In recent years, tens of thousands of refugees have become trapped in Greece, which is still struggling to move on from an economic depression. As the peak of the refugee crisis appears to be over, many migrants have no choice but to settle in the Mediterranean nation.
Arrivals in Greece who were recently granted refugee status with the help of aid agencies, are now finding themselves largely on their own.
"Here in Greece, there’s a program until you are recognized as a refugee," says Ahmed Reza, an Afghan refugee who came with his family to escape from conflict in his homeland. "The money given by other European countries to Greece through the UN Refugee Agency, this money is used until refugees get their asylum. There’s nothing afterwards. No house, no job, no guarantees, no program.”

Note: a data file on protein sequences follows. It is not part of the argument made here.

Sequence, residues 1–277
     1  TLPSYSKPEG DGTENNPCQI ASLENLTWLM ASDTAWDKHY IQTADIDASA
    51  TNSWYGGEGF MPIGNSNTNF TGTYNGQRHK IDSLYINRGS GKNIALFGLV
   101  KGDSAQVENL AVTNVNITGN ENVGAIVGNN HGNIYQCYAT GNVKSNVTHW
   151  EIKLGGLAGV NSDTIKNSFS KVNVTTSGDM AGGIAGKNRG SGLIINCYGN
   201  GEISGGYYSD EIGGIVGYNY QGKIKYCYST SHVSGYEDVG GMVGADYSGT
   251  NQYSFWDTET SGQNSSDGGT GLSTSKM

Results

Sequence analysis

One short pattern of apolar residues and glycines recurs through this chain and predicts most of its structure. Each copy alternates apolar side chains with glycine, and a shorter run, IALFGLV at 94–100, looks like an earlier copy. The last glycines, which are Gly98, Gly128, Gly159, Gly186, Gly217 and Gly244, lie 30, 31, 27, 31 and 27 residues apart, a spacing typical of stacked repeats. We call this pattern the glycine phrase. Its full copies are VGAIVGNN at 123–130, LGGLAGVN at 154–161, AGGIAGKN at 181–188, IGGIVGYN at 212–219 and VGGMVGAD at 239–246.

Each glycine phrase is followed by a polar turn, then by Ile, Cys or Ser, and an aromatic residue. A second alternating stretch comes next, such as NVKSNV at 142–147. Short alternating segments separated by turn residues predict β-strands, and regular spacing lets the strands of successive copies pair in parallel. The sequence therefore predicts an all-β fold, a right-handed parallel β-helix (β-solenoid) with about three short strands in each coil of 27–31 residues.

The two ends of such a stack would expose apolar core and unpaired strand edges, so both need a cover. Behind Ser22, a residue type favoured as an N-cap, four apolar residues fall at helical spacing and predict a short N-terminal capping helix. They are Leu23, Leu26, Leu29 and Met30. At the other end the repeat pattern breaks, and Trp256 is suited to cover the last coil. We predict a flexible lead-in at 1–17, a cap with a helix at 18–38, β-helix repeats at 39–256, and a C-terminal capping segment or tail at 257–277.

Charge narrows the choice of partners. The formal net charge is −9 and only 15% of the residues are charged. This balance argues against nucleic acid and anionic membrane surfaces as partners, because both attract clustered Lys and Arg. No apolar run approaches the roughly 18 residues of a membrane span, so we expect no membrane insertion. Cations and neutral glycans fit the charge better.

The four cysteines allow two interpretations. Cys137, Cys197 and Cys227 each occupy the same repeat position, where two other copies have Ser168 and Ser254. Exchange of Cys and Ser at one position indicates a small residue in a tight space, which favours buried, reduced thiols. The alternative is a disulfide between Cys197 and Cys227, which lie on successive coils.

Like most asylum seekers, Ahmed’s family never planned to stay in Greece, and was trapped when borders were shut. In 2016, Afghans remained the second largest refugee group flooding Europe but were not eligible for the EU’s relocation program to legally move to another EU country.
Staying put was their only legal option. “We haven’t lost hope. Maybe one day, we’ll be able to leave from here,” says Reza.
Petros Mastakas, an associate protection officer at the UN Refugee Agency, says that most refugees in Greece are expected to deal with their own public applications, which can be difficult especially if they do not speak the language.
''Most of those people, if not all who get status and are freshly recognized, they don’t speak the language and have little to no information as to which state, authority are to be addressed. There we have the first important gap.”
The numbers of asylum seekers arriving in Greece dropped dramatically after Europe and Turkey signed a deal to limit the flow of refugees in March 2016.